Bayt Baws – Sana'a, Yemen - Atlas Obscura

Bayt Baws

A nearly abandoned Jewish settlement perched atop a hill in the heart of Yemen. 


This nearly abandoned settlement is a perched on top of a hill. It has steep slopes on three sides that acted as a natural defense, leaving only the south side easily accessible, and this is where the only gate to the village is located. None of this is unique, though; you’ll find many similar hilltop villages throughout Yemen.

What makes the village stand out is that it is a largely deserted Jewish settlement in the heart of Yemen. The village was founded by the Bawsites during the Sabaean Kingdom.

When exactly the Jewish community first arrived in Yemen is a matter of contention. One theory holds that King Solomon sent some merchants to Yemen, and some of them settled down. Another theory says Yemeni tribes converted to Judaism after the Queen of Sheba paid a visit to King Solomon. And yet another theory pinpoints the arrival of the Jews in Yemen to 1451 BC. The only certainty is that the oldest archaeological record of a Jewish community residing in Yemen goes back to 110 BC.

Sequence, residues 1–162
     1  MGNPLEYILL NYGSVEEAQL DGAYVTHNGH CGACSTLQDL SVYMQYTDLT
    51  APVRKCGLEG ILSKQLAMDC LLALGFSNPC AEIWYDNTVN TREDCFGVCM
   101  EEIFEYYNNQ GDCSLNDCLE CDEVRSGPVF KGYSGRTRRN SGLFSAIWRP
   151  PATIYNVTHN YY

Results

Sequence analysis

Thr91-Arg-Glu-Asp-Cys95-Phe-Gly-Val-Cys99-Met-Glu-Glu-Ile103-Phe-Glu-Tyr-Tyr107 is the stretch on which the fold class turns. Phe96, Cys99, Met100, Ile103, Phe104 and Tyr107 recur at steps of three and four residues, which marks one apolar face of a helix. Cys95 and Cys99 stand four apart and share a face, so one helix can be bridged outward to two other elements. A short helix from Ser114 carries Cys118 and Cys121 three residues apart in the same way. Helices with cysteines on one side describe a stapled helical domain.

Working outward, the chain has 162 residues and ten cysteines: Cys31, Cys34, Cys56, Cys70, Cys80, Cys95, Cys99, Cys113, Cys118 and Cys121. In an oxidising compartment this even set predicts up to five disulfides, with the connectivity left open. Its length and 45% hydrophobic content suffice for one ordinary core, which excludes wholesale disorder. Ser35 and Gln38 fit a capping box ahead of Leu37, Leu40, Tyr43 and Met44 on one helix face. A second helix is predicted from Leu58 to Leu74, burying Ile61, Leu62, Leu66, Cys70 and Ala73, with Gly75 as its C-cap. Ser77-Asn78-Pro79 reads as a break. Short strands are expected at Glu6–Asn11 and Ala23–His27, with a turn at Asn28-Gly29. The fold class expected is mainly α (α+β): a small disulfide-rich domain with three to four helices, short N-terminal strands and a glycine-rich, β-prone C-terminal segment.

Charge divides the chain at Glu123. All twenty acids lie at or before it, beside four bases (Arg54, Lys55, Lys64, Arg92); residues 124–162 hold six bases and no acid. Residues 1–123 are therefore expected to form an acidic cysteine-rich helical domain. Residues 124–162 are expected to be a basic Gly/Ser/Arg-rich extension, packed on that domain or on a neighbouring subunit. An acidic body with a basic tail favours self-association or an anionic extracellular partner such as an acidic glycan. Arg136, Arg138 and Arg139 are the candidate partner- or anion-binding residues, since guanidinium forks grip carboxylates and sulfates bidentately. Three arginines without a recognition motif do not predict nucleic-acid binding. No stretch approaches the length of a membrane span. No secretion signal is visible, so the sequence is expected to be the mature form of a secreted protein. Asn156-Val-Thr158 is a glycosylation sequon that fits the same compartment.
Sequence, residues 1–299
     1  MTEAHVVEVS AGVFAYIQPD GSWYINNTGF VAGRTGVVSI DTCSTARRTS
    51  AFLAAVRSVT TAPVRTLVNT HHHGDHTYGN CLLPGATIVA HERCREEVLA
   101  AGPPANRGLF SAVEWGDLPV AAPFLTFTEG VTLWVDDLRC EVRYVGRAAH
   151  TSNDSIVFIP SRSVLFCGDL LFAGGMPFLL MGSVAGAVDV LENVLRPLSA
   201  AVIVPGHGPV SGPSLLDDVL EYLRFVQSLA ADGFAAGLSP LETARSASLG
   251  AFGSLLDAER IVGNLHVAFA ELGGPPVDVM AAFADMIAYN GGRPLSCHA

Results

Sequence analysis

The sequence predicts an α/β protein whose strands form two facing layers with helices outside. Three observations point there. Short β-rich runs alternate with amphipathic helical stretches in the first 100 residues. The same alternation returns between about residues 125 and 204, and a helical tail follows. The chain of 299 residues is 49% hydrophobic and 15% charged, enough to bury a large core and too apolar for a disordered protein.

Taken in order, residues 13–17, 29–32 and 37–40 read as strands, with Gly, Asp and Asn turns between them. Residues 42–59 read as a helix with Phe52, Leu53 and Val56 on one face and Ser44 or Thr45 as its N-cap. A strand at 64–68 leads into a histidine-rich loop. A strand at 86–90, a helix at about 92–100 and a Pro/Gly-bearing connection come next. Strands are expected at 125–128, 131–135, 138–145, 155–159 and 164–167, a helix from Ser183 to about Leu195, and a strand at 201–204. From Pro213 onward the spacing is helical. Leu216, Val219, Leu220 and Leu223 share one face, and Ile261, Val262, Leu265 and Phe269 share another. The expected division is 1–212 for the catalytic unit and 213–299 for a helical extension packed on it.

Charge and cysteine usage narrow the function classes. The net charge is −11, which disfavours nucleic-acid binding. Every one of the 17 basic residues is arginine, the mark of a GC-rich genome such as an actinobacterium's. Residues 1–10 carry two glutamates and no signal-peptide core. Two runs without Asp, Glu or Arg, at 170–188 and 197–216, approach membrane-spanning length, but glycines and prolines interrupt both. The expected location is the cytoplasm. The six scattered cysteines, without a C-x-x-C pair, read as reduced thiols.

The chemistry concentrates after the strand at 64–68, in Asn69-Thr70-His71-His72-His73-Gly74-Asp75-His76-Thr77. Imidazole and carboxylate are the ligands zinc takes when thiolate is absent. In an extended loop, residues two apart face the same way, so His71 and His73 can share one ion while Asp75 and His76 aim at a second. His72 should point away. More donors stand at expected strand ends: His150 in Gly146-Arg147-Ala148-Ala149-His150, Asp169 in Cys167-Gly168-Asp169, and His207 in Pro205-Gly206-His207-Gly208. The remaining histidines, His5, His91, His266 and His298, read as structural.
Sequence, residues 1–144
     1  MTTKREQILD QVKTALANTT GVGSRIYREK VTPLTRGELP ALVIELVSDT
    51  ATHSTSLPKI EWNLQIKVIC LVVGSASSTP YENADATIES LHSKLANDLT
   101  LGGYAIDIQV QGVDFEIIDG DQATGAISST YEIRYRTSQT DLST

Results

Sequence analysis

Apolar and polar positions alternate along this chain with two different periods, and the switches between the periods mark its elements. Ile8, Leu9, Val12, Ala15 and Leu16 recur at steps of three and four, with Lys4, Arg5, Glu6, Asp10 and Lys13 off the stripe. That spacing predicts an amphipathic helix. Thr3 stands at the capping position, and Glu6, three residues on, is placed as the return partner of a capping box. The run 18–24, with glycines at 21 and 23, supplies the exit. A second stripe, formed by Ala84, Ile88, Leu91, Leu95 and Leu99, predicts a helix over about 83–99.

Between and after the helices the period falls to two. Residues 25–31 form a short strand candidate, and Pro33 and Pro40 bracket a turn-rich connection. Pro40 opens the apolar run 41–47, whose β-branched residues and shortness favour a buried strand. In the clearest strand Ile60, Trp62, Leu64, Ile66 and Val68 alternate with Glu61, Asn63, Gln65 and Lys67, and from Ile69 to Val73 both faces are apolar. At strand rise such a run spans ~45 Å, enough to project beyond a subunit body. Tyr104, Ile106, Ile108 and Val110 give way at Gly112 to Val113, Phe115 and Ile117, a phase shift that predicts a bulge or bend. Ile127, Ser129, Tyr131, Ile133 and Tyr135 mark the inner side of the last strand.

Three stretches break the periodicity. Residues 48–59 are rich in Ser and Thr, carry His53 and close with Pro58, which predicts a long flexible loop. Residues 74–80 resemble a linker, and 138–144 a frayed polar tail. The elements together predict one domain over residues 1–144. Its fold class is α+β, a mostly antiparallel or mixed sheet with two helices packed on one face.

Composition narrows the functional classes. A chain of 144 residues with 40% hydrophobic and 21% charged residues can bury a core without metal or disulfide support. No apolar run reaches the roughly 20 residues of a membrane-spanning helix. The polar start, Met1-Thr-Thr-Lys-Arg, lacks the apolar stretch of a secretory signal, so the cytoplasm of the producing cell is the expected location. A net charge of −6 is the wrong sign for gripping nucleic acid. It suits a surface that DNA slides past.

But though they’d been living in Yemen for centuries, most of the Yemeni Jewish community relocated to Israel in 1949 and 1950, during Operation Magic Carpet, and some more in 1959, while a minority moved to the United States. More people left the settlement of Bayt Baws in the 1990s, after urbanization caused the city of Sana’a to swallow the land around it.

Today, Bayt Baws consists of neglected mud houses slowly disintegrating and narrow alleys meandering through compound walls. Most gates ushering into the courtyards are open. However, caution should be taken, as parts of the abandoned may be unsafe.

Know Before You Go

The best way to reach Bayt Baws is to hire a taxi from Sana’a. No one is guarding the gate, and anyone can enter Bayt Baws any time. Children from the settlement surrounding Bayt Baws are likely to follow you through the village.

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